Opposition mounts for Advertiser Building redevelopment

Published: Aug. 25, 2013 at 9:24 PM HST|Updated: Aug. 26, 2013 at 9:23 AM HST
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Kiersten Faulkner, Executive Director of the Historic Hawaii Foundation
Kiersten Faulkner, Executive Director of the Historic Hawaii Foundation
Lucy Witeck, former Advertiser employee
Lucy Witeck, former Advertiser employee

HONOLULU (HawaiiNewsNow) - Historic preservation advocates are opposing plans to raze up to half of the iconic Honolulu Advertiser Building.

The Kapiolani Street frontage of the 84-year-old Advertiser Building will not be touched but the back half of the building will be demolished to make way for a parking lot.

Developer Downtown Capital LLC is building a twin-tower, $400 million dollar condo project known as the 801 South Street highrises.

"They deliberately chose a lot that has 75 percent of it covered by historic properties with the expressed idea of destroying it," said Kiersten Faulkner, executive director of the Historic Hawaii Foundation. "That's unacceptable."

Several former Advertiser employees also are opposing the plan.

"Tearing down part of that building I think is not a good idea. We need to preserved the old, value them," said former Advertiser employee Lucy Witeck.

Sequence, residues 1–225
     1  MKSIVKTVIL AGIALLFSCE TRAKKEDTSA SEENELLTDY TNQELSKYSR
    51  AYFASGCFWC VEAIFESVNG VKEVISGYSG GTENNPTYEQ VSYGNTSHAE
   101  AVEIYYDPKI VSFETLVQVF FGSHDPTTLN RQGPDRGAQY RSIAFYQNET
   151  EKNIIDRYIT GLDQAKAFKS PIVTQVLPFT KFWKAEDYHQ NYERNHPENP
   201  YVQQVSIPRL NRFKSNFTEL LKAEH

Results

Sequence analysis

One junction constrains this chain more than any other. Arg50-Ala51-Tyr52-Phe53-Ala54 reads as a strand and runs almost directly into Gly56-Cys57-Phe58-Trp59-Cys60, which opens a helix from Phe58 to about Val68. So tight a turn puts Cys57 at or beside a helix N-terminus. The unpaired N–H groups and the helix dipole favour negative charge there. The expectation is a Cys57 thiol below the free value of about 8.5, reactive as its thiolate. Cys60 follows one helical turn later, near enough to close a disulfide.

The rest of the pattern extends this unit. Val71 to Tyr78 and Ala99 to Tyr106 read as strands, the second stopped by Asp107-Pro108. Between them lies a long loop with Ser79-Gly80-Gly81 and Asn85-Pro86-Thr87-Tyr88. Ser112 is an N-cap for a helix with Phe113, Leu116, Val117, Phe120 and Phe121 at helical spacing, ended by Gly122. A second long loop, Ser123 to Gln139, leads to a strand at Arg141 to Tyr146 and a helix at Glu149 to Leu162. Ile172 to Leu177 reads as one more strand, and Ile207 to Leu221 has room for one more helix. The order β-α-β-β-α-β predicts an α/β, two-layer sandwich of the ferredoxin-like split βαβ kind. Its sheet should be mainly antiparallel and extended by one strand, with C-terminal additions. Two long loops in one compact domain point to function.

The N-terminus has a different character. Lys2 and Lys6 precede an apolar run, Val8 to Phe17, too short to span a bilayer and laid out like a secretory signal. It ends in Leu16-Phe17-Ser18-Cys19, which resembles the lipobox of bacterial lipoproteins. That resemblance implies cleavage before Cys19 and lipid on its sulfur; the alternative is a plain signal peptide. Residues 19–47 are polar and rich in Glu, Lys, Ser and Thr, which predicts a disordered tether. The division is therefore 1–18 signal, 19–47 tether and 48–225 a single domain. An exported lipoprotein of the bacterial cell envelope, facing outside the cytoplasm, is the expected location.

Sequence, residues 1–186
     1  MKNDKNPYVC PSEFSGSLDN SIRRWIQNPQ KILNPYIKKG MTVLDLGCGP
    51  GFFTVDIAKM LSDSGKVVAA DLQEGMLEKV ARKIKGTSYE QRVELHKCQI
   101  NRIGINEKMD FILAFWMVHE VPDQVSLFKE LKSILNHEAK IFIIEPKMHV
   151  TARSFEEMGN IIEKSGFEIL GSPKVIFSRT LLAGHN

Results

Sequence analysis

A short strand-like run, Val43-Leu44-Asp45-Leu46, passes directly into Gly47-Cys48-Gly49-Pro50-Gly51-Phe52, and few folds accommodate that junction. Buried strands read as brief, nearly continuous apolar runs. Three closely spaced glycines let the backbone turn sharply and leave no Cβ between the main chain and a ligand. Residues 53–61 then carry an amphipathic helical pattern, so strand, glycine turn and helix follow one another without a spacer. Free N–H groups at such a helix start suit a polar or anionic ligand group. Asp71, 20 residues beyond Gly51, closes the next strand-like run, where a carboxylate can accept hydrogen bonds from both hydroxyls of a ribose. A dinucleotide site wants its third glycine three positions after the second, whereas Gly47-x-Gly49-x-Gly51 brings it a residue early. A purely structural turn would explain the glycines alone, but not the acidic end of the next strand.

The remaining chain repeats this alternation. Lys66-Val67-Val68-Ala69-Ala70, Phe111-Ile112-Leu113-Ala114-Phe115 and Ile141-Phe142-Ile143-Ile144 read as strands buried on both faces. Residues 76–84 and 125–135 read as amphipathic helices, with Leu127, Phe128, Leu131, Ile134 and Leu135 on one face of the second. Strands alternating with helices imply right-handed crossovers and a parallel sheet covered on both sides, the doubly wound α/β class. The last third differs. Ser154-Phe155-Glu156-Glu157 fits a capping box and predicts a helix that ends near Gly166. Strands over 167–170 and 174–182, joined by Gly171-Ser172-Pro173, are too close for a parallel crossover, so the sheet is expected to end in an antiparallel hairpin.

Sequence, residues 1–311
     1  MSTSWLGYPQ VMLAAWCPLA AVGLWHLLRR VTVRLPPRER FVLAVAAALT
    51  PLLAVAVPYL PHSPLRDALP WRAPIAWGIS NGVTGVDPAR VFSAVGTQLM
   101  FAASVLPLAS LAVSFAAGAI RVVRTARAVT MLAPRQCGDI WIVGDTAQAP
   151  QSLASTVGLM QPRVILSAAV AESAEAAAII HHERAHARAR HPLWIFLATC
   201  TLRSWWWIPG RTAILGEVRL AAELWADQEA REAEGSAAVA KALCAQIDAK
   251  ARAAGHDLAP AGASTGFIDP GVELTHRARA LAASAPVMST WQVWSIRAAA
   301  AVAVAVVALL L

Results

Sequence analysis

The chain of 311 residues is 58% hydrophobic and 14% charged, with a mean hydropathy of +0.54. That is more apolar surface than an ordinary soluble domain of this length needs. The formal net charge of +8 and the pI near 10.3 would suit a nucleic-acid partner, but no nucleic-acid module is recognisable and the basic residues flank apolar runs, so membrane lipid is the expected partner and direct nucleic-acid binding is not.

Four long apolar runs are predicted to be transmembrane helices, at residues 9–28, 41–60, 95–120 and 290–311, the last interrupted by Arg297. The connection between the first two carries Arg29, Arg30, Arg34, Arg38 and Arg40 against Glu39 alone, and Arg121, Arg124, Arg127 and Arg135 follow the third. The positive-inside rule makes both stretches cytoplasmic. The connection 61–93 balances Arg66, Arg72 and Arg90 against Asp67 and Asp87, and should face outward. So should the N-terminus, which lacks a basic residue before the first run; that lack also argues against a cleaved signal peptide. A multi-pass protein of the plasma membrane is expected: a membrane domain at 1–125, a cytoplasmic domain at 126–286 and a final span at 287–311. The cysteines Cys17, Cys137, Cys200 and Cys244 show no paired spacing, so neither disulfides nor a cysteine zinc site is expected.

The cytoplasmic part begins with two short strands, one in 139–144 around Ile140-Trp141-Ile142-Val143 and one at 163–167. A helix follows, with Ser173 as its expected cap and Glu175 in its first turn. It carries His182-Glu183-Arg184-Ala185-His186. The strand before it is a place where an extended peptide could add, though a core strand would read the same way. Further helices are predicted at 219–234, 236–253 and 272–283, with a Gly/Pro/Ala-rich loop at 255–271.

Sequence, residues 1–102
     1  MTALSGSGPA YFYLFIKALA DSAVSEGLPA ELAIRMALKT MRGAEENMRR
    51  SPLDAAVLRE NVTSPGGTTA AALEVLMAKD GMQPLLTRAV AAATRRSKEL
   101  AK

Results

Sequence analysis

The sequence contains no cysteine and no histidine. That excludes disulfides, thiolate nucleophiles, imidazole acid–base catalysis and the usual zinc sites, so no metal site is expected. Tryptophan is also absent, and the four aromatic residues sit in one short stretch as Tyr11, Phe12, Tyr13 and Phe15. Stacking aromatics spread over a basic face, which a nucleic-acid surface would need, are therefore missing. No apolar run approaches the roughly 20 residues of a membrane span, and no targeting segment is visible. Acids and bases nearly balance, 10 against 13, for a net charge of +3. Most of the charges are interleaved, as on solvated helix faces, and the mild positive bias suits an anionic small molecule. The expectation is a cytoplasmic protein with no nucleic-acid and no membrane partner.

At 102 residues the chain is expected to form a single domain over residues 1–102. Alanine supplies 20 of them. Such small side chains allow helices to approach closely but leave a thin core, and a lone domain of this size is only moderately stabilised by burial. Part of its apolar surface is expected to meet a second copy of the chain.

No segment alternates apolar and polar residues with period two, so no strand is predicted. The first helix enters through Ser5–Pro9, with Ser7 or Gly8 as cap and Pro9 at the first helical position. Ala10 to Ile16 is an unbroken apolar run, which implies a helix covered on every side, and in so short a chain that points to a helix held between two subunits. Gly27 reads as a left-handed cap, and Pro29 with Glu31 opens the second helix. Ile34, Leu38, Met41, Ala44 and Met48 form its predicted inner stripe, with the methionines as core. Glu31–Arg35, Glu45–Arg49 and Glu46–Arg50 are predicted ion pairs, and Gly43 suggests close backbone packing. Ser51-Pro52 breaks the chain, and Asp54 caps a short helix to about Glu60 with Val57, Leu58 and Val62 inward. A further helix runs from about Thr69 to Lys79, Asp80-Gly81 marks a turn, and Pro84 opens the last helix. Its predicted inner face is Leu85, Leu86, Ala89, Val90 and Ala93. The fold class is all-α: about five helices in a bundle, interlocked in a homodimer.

The developer said it plans to preserve as much of the building's historic features. But since the building is not on the state and federal historic registries, the company is not barred from demolishing the building.

Howard Lessor, who is buying a studio in the first tower, thinks it's more important to build affordable housing where people need it.

"Affordable housing is almost nonexistent," he said. "It's a 10 minute walk from my office, Ala Moana Shopping Center is very close by and, if they ever build rail, we'll be close to that."

Faulkner, of the Historic Hawaii Foundation, says the building is eligible for listing on the national and state registries of historic places. But she said former owner Gannett Co. did not complete the paper work for the listing.

"People I talked with are really, really concerned. They say they want to see it preserved and they want to see it integrated into the Kakaako plan."

The developer still needs permit approval from the Hawaii Community Development Authority for the second tower. The Historic Hawaii Foundation says it will raise its objections with that agency.

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